The Drugging of the American Mind

The Drugs Work

I was very disappointed to read "The Drugging of the American Mind" by Philip Dawdy [Nov. 30]. This article is full of misleading and dangerous misinformation. I am very sorry that Dawdy has to live with this difficult disorder, and his experience is certainly one individual's valid point of view. However, it should not be portrayed in Seattle Weekly as fact by a nonprofessional. Most people who know about mental health disorders acknowledge that each individual has vastly different experiences with these disorders and especially with these medications. I thought describing the disorder in terms of "plain vanilla" was diminishing the fact that bipolar disorder is extremely dangerous and debilitating for the person who has it as well as those who live with or love that person. I would suggest that another person with bipolar disorder or schizophrenia might and probably would have a completely different experience than Dawdy's.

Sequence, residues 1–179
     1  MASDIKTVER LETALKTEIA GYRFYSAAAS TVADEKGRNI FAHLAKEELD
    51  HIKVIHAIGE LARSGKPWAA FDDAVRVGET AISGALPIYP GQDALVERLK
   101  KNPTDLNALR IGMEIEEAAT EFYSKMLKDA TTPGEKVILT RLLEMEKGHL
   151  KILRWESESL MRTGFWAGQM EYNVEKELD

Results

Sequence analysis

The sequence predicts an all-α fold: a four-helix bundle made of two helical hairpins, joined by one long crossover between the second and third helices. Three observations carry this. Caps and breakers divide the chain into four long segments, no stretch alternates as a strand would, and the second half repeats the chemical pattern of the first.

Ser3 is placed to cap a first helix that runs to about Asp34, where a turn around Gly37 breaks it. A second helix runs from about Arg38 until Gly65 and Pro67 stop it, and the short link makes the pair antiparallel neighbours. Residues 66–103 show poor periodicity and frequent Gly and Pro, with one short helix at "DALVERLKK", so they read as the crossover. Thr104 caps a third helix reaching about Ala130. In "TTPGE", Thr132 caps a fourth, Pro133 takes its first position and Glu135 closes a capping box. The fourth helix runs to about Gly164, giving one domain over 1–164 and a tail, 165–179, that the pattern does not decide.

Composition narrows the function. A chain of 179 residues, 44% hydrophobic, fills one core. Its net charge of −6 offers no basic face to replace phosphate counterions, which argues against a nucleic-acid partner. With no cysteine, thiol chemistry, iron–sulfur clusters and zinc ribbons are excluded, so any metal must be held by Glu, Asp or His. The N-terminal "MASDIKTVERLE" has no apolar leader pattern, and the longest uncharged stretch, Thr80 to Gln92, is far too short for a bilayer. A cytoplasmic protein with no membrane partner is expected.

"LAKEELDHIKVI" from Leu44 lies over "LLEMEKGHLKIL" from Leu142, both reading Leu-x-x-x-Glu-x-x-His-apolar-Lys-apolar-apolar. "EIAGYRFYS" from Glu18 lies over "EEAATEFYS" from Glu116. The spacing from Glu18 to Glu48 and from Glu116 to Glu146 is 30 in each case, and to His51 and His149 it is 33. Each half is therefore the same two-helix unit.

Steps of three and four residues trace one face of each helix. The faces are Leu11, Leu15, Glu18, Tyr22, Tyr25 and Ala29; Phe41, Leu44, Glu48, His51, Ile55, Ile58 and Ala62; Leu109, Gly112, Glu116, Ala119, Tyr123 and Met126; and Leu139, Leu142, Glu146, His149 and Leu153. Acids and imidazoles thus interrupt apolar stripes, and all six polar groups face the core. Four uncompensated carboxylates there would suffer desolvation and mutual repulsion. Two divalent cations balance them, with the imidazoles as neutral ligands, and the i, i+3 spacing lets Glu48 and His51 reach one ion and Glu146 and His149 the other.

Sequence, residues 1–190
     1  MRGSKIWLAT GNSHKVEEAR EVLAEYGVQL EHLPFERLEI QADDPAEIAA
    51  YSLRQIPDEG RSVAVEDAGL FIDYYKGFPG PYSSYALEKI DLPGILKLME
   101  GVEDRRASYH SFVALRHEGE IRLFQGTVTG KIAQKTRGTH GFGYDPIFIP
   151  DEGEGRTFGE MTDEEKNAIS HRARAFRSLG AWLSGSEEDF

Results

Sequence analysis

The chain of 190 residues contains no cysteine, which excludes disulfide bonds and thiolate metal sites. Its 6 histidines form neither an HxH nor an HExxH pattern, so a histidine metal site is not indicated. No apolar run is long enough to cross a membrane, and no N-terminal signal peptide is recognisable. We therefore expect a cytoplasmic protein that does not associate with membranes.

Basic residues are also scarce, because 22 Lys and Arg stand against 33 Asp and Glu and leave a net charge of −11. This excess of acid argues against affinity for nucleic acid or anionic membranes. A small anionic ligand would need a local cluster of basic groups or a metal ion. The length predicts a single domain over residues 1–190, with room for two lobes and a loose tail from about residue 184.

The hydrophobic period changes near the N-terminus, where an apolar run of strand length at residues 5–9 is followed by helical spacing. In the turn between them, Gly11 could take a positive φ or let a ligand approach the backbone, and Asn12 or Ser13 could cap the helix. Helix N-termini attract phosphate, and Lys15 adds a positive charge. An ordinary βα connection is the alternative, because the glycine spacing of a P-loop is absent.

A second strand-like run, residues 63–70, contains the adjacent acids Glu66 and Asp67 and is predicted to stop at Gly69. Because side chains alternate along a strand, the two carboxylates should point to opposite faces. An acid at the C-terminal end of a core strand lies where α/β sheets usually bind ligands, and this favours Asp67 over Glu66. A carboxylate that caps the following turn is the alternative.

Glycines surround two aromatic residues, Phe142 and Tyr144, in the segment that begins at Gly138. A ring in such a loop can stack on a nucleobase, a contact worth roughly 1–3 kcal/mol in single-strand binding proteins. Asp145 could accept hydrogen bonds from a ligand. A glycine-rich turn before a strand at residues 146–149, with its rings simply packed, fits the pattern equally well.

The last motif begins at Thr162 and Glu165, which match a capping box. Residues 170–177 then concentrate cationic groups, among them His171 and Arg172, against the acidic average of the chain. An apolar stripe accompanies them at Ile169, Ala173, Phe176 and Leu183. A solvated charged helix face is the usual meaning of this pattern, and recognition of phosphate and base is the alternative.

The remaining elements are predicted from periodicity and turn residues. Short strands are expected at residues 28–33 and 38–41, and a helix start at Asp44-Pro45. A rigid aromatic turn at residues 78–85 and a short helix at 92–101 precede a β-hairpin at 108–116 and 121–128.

I have several people very close to me, family and friends, that live with bipolar disorder, and my experience with them is very different than Dawdy's. What I have witnessed is a miraculous recovery from psychotic and delusional thinking that has assisted my loved ones with very little side effects from atypical antipsychotics, allowing them to live their own lives without the annihilating mania, delusions, and depression. Yes, some atypical antipsychotics have side effects such as weight gain in some people, but others, like Geodon, do not cause this. Nor does Risperdal cause facial muscular atrophy in most patients.